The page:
|For wood flooring professionals,
it's important to inform end users about the normal behavior of wood
in relation to moisture. Most solid wood flooring will contract
during periods of low humidity (usually during the heating season),
sometimes leaving noticeable cracks between boards, or else expand
during periods of high humidity. To help minimize these effects,
users can stabilize the environment of the building through
temperature and humidity control.
This is an overview of how water and wood
don't mix-and what to do if they do. Spotting any potential moisture
problems, and taking the proper steps to avoid them, is the path to
the most-serviceable floor. Fortunately, many of the instances that
involve moisture can be mitigated before, during or soon after
and Wood Basics
The easy explanation that students learn in grade school - trees
grow with roots in the ground and leaves in the air - still serves
as the basis for understanding the never-ending relationship between
water and wood. The roots collect moisture and nutrients from the
soil and ship them through vessels or fibers up the trunk and
branches to the leaves. These vessels are similar to the "strings"
in a stalk of celery. They are similar, too, to a group of soda
straws gathered together, running up and down the tree.
That's the simple version of how
a still-standing tree is made up of vertically-aligned fibers. Cut
the tree down, and the fibers are horizontal. Saw it and manufacture
strip flooring, nail the floor down and most of the fibers are still
horizontal, running the length of the boards.
In the live tree, the fibers are
loaded with moisture, as sap. After being cut, the tree begins to
dry out, just like a rose will wilt after it's picked. As the tree's
fibers dry, they shrink in thickness or diameter, but almost none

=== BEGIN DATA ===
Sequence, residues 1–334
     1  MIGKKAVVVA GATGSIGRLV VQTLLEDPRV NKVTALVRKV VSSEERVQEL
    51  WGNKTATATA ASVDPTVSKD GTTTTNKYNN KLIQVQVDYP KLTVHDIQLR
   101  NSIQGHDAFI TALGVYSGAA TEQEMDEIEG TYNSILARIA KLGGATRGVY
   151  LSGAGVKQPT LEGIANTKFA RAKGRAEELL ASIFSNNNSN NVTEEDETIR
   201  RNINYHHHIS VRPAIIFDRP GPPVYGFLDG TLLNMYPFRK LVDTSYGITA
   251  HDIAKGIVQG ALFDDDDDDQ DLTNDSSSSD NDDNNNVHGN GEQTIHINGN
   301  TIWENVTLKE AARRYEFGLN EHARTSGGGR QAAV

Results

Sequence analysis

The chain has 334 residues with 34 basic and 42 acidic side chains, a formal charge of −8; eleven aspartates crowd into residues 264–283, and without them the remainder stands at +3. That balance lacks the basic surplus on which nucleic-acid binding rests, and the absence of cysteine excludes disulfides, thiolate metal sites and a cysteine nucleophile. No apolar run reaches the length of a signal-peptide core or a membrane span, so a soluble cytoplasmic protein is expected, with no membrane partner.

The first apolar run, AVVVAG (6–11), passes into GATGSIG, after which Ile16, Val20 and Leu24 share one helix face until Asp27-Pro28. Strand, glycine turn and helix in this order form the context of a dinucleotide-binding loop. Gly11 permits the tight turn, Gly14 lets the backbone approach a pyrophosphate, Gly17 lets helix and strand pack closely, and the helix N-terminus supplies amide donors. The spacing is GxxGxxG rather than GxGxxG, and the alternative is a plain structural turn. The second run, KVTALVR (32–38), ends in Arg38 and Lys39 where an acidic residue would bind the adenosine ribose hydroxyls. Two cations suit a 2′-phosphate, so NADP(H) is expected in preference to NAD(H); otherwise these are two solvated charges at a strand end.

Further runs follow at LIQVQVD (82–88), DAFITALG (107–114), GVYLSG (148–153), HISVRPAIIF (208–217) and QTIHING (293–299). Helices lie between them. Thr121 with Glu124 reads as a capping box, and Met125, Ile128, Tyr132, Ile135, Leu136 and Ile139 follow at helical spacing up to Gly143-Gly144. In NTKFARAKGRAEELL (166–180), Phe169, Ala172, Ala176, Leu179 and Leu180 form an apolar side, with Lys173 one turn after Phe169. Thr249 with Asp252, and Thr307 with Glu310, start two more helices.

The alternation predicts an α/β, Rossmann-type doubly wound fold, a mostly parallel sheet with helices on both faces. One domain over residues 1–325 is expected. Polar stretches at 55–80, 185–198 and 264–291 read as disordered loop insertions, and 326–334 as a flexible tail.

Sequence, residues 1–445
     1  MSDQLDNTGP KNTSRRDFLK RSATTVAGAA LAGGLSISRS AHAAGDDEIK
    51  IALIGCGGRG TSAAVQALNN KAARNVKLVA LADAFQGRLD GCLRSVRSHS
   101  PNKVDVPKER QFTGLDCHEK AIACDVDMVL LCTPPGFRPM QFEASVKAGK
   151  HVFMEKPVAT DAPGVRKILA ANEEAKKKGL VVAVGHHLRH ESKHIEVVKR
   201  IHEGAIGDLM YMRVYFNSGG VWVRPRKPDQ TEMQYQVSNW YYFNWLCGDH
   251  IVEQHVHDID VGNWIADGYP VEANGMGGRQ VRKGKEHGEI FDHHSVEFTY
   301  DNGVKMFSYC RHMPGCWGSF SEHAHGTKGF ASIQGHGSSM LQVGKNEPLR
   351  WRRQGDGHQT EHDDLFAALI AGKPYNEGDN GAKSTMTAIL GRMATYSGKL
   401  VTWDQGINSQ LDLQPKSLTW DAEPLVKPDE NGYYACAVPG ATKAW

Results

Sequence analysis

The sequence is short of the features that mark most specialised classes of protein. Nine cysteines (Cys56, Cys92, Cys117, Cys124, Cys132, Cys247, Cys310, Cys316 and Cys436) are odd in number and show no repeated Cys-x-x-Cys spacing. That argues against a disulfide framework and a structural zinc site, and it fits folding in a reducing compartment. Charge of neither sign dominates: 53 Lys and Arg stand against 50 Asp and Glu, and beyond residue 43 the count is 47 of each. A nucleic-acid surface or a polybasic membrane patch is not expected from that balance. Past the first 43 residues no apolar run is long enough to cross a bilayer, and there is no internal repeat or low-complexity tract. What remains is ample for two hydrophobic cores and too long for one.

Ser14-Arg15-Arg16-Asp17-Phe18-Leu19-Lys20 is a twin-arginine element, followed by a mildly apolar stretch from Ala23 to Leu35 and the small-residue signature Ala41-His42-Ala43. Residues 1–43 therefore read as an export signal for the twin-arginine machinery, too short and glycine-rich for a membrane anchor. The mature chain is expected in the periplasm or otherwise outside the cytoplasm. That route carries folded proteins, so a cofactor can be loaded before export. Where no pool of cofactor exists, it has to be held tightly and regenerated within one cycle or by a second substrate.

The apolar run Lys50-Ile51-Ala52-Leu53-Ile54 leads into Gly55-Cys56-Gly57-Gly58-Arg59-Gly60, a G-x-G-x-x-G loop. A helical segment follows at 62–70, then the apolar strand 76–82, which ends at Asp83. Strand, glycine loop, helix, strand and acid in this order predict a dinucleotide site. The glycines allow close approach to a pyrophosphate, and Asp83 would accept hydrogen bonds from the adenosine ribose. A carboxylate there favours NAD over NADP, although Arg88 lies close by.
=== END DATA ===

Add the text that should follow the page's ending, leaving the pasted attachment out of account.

lengthwise. This shrinkage, characteristic of all woods, is critical
in understanding the effect of moisture on wood flooring.
Moisture content in solid wood is
defined as the weight of water in wood expressed as a percentage of
the weight of oven-dry wood. Weight, shrinkage, strength and other
properties depend on the moisture content of wood. In trees,
moisture content may be as much as 200 percent of the weight of wood
substance. After harvesting and miring, the wood will be dried to
the proper moisture content for its end use.
Wood fibers are dimensionally
stable when the moisture content is above the fiber saturation point
(usually about 30 percent moisture content). Below that, wood
changes dimension when it gains or loses moisture. Here are some
quick points about shrinking and swelling:
Shrinkage usually begins at 25
to 30 percent moisture content, the fiber saturation point.
Shrinkage continues to zero percent moisture content, an oven-dry
Swelling occurs as wood gains
moisture, when it moves from zero to 25 to 30 percent moisture
content, the fiber saturation point. Different woods exhibit
different moisture stability factors, but they always shrink and
swell the most in the direction of the annual growth rings
(tangentially), about half as much across the rings (radially) and
only in minuscule amounts along the grain longitudinally). This
means that plainsawn flooring will tend to shrink and swell more
in width than quartersawn flooring, and that most flooring will
not shrink or swell measurably in length.
Generally, flooring is expected
to shrink in dry environments and expand in wetter environments
Between the fiber saturation
point and the ovendry state, wood will only change by about .1
percent of its dimension along the grain (lengthwise in a
flatsawn board). It will change by 2 to 8 percent across the
grain and across the annular rings (top to bottom), if quartersawn;
and 5 to 15 percent across the grain and parallel to the annular
rings (side to side), if plainsawn.
Wider boards tend to move more
than narrower boards. Movement in a 5-inch-wide plank is more
dramatic than in a 2 1/4-inch strip.
The ideal moisture content for
flooring installation can vary from an extreme of 4 to 18 percent,
depending on the wood species, the geographic location of the end
product and time of year. Most oak flooring, for example, is milled
at 6 to 9 percent. Before installation, solid wood flooring should
be acclimated to the area in which it is to be used, then tested
with a moisture meter to ensure the proper moisture content.
(Note: Laminated wood flooring
tends to be more dimensionally stable than solid flooring, and may
not require as much acclimation as solid flooring prior to
A wood's weight and moisture
Wood is hygroscopic--meaning, when exposed to air, wood will lose or
gain moisture until it is in equilibrium with the humidity and
temperature of the air.
Moisture content (MC) from 5 to
25 percent may be determined using various moisture meters developed
for this purpose. The most accurate method in all cases, and for any
moisture content, is to follow the laboratory procedure of weighing
the piece with moisture, removing the moisture by fully drying it in